Exodus: Gods and Kings

By Peter Towe

Published on Thursday, December 11, 2014

exodus-gods-and-kings-10Prior to its release, Exodus: Gods and Kings has been the subject to much controversy.  The religious folk took aim at the film for its inconstancies to the source material, while most of its critics have knocked the film for casting an all-white cast in the leads.  White Englishman did not rule over Egypt, and unfortunately for the film, the problems don’t stop there.  Ridley Scott’s last few films Prometheus and The Counselor looked great and were excellently shot.  The problems however arise when looking at the character building and telling a truly compelling story.  With his latest effort, Scott once again has shot a gorgeous film, that ultimately leaves the viewer feeling empty.  Exodus: Gods and Kings is like a big beautiful fast food meal, meaning that it looks great but ultimately leaves you unsatisfied and still hungry.

Christian Bale steps into the role of Moses, telling the familiar story of his life, albeit according to the “new Hollywood” standard.  The story of Moses freeing the Hebrew slaves from Egyptian slavery has already been told on screen, but it’s twisted the story a bit to fit Scott’s vision of Moses as more of a Aelius Maximus Decimus Meridius character from his hugely successful film Gladiator.  The film begins in 1300 BC when Moses was a member of the royal family ruling over Egypt.  When the former pharaoh Seti I (John Turturro) dies, prince Ramesses II (Joel Egerton) take over the thrown, and things quickly change.  Although not related, Moses and Ramesses are practically brothers.  This changes however when its brought to the attention that Moses is in fact Hebrew, and should be killed.  Ramesses chooses not to kill but instead banishes Moses from Egypt, where the story really begins.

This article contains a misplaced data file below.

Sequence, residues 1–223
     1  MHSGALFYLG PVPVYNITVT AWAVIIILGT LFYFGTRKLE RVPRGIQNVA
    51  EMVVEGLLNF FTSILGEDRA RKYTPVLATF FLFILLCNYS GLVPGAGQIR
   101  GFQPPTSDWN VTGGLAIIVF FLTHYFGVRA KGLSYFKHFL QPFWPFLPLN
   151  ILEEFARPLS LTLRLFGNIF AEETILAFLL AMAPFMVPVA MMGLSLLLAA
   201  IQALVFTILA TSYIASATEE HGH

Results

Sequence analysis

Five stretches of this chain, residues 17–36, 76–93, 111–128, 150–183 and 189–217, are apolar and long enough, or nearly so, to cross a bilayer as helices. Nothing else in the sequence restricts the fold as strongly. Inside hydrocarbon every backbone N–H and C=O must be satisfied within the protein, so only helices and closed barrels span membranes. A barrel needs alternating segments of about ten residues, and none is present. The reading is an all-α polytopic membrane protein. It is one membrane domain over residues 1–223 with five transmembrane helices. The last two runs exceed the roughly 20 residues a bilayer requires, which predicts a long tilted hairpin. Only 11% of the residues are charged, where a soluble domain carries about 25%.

Exodus-Gods-and-Kings-battle-PROPER-620x350What’s clear from the film is that Scott still can still shoot the heck out of a movie, but is struggling to find the human side of things which compel and intrigue the viewer, leaving a lasting imprint in their memory.  Character motivations are implied, rather than fleshed out like a “good” movie should.  Besides Moses, most characters are just there to advance the movie.  As a viewer, you have no emotional connecting to the characters which make the movie feel like a giant spectacle without a heart.

Scenes with dialogue feel like filler to move the story along just enough for Scott to show off his massive set-pieces.  The events showing the ten plagues feel more like montages, and again, add nothing to the emotional level of the story.  The pacing is all over the place, and fails to build up to the events that everyone assumes will occur (if they are somewhat familiar with the story).  Just when the movie starts to build-up and move toward something, it takes a step back, leaving the viewers frustrated.  Christian Bale plays the only character with any depth (and exceptionally done), with actors like Aaron Paul, Ben Kingsly, and Sigourney Weaver forgotten and mainly playing background actors in a select few scenes.

Exodus-Gods-and-Kings-Movie-2014-Wallpapers-Download-01-620x350Walking out of Exodus: Gods and Kings all I could think is “what a waste of talent”.  Sure it looked great, but so many movies with similar budgets nowadays are ultimately forgettable.  I have limited knowledge of most bible stories, so turning Mosses into a Russell Crowe Gladiator type, didn’t bother me.  All I want in a film is a compelling story with equally compelling characters, which wasn’t delivered.  From a distance Exodus: Gods and Kings looks appetizing, but when you sink your teeth into it, it’s like biting air (think the dinner scene Hook).  There is almost nothing to digest, which given the talent involved, is a shame.

The Good

+ Visually beautiful

+ Bale delivered another great performance

The Bad

- Leaves you feeling empty and emotionless

- Pacing is off

- characters are empty


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